Whistleblower Daniel Ellsberg speaks on Pentagon Papers, Turkish intervention at UMass

Ellsberg’s whistleblowing may have prevented a nuclear war

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Parker Peters/Daily Collegian

By Matt Berg, Assistant Op/Ed Editor

As he walked on stage of the Campus Center Auditorium at the University of Massachusetts, Daniel Ellsberg flashed peace signs to the crowd, an expected gesture from the man who played a major role in diverting the United States from a nuclear war.

Hundreds of people packed the auditorium on Wednesday night to hear the renowned whistleblower speak on his involvement with the Pentagon Papers, which were recently acquired by UMass. Just over 50 years ago, after concern about increased international military involvement, Ellsberg began copying the U.S. military strategy for the intervention in Vietnam — the Pentagon Papers.

With the possibility of being jailed for life, Ellsberg took the risk and handed over the papers to the New York Times for publication in 1971.

“I thought it could be worth going to prison to end this war,” said Ellsberg, now 88 years old. “I was wrong that we could have gone 70 years without a nuclear war. It actually happened. It could happen again.”

Unknown to Ellsberg at the time, Nixon was waging the possibility of nuclear war, a drastic option that then-National Security Adviser Henry Kissinger also hesitated on. Relying purely on instinct that the United States’ military strategy could escalate to nuclear war, Ellsberg’s actions have cemented him in history as a key figure in the battle against nuclear weapons.

Two years after the Pentagon Papers’ publication, Ellsberg was charged with conspiracy under the Espionage Act of 1917, facing up to 115 years in prison. However, due to various legal violations by the Nixon administration, such as governmental misconduct and illegal evidence gathering against Ellsberg, he was freed.

“I’m a huge fan of Daniel Ellsberg, and I think the whole Pentagon Papers situation is fascinating,” said Andrew Botolino, a freshman psychology major. “I didn’t want to pass up the opportunity to come and see him speak.”

The timing of Ellsberg’s appearance on campus is especially relevant with the recent accusations against President Trump by a whistleblower, which led to the revelation of the transcript of a call between the Trump and Ukrainian President Volodymyr Zelensky that has led to an impeachment inquiry.

Ellsberg also drew comparisons to the recent Turkish invasion of Syria and attack of the Kurds. White phosphorus, which Ellsberg witnessed burn people to the bone in Vietnam where he served as a marine, was allegedly used in the attack against the Kurds.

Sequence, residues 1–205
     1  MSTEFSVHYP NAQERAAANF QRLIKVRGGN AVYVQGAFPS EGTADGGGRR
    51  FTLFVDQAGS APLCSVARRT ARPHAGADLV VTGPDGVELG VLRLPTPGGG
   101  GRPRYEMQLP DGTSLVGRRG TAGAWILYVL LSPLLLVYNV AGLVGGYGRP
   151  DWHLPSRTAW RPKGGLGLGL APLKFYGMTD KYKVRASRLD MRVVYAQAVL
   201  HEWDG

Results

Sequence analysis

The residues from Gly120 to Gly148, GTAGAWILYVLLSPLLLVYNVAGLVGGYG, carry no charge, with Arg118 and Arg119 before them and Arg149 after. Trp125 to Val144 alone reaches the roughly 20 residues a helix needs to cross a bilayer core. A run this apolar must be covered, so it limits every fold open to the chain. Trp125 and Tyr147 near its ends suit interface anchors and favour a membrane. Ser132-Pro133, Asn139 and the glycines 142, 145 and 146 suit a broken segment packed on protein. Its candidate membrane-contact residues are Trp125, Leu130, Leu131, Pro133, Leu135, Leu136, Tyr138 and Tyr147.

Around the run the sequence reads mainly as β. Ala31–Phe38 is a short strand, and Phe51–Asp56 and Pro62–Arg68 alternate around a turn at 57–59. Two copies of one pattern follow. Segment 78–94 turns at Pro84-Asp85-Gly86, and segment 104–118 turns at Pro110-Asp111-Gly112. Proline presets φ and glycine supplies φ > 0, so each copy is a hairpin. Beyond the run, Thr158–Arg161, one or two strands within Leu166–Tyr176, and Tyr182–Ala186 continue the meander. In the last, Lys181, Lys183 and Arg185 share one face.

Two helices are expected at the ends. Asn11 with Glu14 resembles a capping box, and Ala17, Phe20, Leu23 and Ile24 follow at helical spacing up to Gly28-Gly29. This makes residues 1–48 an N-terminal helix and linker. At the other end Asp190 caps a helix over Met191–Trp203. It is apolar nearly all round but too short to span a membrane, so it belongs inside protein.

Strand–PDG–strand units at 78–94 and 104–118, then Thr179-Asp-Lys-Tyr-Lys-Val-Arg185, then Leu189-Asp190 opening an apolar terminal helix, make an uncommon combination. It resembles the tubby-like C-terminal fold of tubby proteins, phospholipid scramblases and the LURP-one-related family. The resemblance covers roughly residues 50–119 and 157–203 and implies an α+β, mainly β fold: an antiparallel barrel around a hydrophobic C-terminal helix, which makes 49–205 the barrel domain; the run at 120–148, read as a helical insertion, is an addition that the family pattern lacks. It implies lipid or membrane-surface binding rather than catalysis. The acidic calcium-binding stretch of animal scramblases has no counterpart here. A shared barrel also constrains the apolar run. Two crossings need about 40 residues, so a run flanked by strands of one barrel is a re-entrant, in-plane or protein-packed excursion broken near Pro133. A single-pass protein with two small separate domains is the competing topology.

“I had seen children in hospitals burned by phosphorus,” he said, noting that the substance is outlawed in many countries. “It was beautiful as it dropped, white phosphorous with scarlet tips.”

Throughout the night, Ellsberg highlighted the importance of understanding the possibility of present and future war crimes, pointing out the similarities to the concerns he had when he worked in the government.

“I’m here to feel more enriched with the history, especially with the political climate at the moment and the talks of impeachment,” said Jah’inaya Parker, a sophomore mechanical engineering student. “I feel like it’s important to get the gist of crimes done by past presidents.”

“Everyone in this room is affected by the work of Daniel Ellsberg,” said UMass Chancellor Kumble Subbaswamy. He described UMass as “the guardians of this exceptional collection,” and they will be in good company among the social activism works of other prominent figures, including W. E. B. DuBois, Horace Mann Bond and Kenneth Feinberg.

Christina Ryan, a 1968 UMass graduate and Northampton resident, came to see the influential activist speak at UMass, a campus historically known for political activism. Along Abbie Hoffman, a prominent social activist of the last century and former President Jimmy Carter’s daughter Amy Carter, Ryan participated in major protests at UMass.

“I worked on the CIA on Trial, using necessities defense to bring the CIA to Trial,” she said. The 1986 protests, aimed at holding the CIA accountable for controversial actions during the Reagan era, resulted in the highly publicized arrest of activists in Munson Hall on campus.

In recent times, Ellsberg said that he has found a role model, someone that gives him hope for the future.

“My hero now, there is no one I admire more now than 16-year-old Greta Thunberg,” Ellsberg said.

Together, the activists recently joined with others in a strike in front of parliament. Although she didn’t win the Nobel Prize, Ellsberg knows she didn’t mind.

“I was unhappy when she didn’t get the Nobel Prize, but there isn’t a person on this planet who is less affected,” he said. What she cares about, he stated, is making change. 

Matt Berg can be reached at [email protected] and followed on Twitter @mattberg33.